Having sailed up the Behm Canal during the early morning hours, National Geographic Sea Lion passed into the fjord of Rudyerd Bay as early risers enjoyed their first coffee. Visibility and weather were fine, with just enough of the namesake “mist” to provide scale against the steeply forested slopes and the mountaintops, some still holding onto snow patches of winter. The officers navigated the ship some 12 nm to the innermost recess of the extensive bay, and Sea Lion arrived at anchor after sailing through the narrows of Owl Pass. Safely at anchor, Zodiacs were quickly lowered from the ship, as well as kayaks and paddleboards, deployed to shore and arranged for use.

Following breakfast, guests proceeded on a 1-hour guided Zodiac cruise of the basin. Here, we quietly glided along the near vertical rock shoreline under the overhanging Sitka spruce, Western hemlock and yellow cedars, now seen with increasing frequency as the ship has made its way south. Occasional waterfalls provided a break in the forested mountainsides, and in the silence and stillness of this peaceful morning. Zodiacs again cruised through Owl Pass, and from the level of the boat, the visage of an immense owl could be seen in the geologic exfoliation on one side of the pass only if the viewer employed a good deal of imagination! After the cruise, guests took kayaks and paddleboards along the green margin of the basin, and occasional rays of sunlight broke through on this last morning of expedition.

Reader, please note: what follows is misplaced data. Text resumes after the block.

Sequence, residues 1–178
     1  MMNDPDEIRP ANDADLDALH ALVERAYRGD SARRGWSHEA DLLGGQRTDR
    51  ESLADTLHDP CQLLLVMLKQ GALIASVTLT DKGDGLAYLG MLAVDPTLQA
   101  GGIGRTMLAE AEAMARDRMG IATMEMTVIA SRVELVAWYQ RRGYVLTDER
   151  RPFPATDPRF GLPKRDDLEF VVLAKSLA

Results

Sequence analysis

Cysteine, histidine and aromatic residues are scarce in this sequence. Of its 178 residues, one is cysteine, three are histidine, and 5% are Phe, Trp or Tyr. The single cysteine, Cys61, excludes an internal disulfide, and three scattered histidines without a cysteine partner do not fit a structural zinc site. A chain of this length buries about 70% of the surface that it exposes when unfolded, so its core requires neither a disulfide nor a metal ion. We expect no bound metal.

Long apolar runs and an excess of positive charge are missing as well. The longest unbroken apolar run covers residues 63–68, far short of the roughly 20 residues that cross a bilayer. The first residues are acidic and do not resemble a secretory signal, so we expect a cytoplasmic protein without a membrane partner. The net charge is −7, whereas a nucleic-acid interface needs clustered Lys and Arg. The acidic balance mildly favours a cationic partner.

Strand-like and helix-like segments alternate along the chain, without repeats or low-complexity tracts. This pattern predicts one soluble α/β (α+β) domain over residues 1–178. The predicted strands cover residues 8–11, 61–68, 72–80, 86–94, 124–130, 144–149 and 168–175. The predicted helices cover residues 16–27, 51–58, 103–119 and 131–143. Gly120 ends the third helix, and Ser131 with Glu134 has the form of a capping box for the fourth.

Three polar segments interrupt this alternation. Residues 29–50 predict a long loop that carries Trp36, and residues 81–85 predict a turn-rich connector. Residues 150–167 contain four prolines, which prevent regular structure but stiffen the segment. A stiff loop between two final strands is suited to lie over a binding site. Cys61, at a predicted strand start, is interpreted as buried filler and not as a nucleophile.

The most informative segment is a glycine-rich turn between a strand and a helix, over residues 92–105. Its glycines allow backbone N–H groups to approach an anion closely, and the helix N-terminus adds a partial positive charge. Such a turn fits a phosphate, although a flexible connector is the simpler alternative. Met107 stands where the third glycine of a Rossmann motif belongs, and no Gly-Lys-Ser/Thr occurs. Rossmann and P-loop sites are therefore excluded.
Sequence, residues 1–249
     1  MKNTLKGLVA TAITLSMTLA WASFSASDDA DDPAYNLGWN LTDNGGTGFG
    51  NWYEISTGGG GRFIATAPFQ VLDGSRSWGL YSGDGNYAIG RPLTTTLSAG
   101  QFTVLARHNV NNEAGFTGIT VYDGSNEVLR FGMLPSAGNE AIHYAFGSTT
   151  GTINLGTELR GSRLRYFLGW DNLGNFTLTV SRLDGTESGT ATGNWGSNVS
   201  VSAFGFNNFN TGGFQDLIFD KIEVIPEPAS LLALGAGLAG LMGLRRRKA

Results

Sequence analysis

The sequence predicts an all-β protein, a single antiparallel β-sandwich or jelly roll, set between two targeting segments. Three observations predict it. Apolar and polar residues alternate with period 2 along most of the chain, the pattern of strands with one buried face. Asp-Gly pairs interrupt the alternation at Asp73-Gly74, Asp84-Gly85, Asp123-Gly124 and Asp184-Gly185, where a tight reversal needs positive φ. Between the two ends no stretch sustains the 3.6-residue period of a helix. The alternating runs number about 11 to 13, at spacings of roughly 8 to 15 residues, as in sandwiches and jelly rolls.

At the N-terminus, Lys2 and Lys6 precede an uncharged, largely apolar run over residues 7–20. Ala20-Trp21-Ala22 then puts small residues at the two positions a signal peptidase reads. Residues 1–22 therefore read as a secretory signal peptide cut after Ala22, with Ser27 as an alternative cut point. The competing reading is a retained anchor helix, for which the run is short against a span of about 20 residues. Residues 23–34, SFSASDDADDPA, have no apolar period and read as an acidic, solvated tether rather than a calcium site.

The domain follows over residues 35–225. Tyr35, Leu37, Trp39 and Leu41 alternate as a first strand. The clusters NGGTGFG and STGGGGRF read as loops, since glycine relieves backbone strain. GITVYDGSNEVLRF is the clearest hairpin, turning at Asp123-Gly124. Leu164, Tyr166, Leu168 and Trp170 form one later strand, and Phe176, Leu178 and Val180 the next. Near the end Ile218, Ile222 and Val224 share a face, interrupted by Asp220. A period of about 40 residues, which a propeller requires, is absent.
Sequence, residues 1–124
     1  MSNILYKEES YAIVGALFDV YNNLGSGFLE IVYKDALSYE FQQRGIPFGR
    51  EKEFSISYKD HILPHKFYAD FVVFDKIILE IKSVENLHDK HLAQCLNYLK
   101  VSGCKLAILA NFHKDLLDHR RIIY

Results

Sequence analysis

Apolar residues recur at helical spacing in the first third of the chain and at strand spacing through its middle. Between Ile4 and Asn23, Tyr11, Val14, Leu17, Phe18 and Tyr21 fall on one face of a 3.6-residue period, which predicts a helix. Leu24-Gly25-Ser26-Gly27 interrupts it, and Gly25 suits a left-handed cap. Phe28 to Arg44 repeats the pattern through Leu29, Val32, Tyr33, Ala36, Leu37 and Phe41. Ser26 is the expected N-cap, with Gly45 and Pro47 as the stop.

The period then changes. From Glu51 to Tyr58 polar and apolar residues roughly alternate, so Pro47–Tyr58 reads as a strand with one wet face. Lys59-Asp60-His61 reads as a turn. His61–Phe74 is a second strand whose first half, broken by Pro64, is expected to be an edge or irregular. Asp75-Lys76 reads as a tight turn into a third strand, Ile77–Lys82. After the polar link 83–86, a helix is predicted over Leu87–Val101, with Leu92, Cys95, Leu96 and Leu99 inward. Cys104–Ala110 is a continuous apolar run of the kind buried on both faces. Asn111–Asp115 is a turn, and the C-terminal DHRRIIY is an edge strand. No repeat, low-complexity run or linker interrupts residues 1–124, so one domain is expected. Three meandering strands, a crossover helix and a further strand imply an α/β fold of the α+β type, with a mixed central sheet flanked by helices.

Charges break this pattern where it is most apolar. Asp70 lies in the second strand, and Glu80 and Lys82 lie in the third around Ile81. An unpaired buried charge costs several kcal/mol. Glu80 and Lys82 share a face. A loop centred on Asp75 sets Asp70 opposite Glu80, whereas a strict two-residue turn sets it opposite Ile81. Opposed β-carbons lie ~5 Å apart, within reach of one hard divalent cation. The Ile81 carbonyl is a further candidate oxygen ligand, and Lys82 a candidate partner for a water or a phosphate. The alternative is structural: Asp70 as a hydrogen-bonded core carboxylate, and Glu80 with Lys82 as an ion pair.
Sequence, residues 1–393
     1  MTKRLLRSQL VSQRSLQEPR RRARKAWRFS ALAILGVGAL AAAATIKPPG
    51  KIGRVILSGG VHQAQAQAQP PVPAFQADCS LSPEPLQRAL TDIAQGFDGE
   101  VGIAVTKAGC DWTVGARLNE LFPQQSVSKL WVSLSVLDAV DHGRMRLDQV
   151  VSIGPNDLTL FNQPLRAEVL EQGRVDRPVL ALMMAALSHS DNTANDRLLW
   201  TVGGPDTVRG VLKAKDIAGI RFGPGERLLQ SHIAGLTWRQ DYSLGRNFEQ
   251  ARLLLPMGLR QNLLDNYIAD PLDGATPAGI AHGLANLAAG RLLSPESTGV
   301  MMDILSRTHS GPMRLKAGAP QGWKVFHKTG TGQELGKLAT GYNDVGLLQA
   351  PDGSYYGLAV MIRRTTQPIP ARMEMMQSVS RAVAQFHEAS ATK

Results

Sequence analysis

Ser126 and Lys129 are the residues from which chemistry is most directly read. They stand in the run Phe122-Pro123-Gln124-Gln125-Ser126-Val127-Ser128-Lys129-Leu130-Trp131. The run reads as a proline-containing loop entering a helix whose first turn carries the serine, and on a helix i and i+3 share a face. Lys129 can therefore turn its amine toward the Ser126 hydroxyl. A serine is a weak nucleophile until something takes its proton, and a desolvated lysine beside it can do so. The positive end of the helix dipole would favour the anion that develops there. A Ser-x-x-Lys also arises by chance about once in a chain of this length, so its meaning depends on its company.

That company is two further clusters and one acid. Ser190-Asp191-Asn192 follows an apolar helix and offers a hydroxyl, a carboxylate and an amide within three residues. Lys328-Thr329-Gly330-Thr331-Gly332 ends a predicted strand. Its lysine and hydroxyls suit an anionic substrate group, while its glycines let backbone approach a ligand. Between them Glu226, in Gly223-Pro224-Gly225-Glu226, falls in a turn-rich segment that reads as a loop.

Next came the exhilarating Polar Plunge. Thousands of digital photos and video were taken by shipboard paparazzi to document the hardy individuals who challenged the frigid Alaska waters.

Once underway, Sea Lion explored further bays of the fjord. A young and particularly photogenic brown bear was spotted munching the grasses and sedges along a section of shoreline. The ship’s officers very slowly and quietly brought the prow of the ship in excellent proximity to the bear, and guests were able to enjoy at leisure the finest bear-sighting of this voyage.

By cocktail hour, Sea Lion was back in Behm Canal, bound for our port of disembarkation at Ketchikan and the end of a most satisfying Lindblad Expedition in Southeast Alaska!